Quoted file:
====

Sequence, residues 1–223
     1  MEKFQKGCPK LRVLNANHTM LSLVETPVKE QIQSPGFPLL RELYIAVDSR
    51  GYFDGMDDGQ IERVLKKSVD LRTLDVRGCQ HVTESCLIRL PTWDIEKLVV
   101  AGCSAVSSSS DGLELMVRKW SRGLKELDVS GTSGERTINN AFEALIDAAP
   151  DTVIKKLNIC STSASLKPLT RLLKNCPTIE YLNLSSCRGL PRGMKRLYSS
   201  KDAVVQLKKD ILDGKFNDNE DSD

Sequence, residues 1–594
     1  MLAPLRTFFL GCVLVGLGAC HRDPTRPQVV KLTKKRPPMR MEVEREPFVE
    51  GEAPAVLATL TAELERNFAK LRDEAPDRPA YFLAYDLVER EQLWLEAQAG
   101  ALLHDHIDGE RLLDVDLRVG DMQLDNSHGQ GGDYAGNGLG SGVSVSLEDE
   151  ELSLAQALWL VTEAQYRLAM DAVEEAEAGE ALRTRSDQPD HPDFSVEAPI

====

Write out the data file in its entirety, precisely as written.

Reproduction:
Sequence, residues 1–223
     1  MEKFQKGCPK LRVLNANHTM LSLVETPVKE QIQSPGFPLL RELYIAVDSR
    51  GYFDGMDDGQ IERVLKKSVD LRTLDVRGCQ HVTESCLIRL PTWDIEKLVV
   101  AGCSAVSSSS DGLELMVRKW SRGLKELDVS GTSGERTINN AFEALIDAAP
   151  DTVIKKLNIC STSASLKPLT RLLKNCPTIE YLNLSSCRGL PRGMKRLYSS
   201  KDAVVQLKKD ILDGKFNDNE DSD

Sequence, residues 1–594
     1  MLAPLRTFFL GCVLVGLGAC HRDPTRPQVV KLTKKRPPMR MEVEREPFVE
    51  GEAPAVLATL TAELERNFAK LRDEAPDRPA YFLAYDLVER EQLWLEAQAG
   101  ALLHDHIDGE RLLDVDLRVG DMQLDNSHGQ GGDYAGNGLG SGVSVSLEDE
   151  ELSLAQALWL VTEAQYRLAM DAVEEAEAGE ALRTRSDQPD HPDFSVEAPI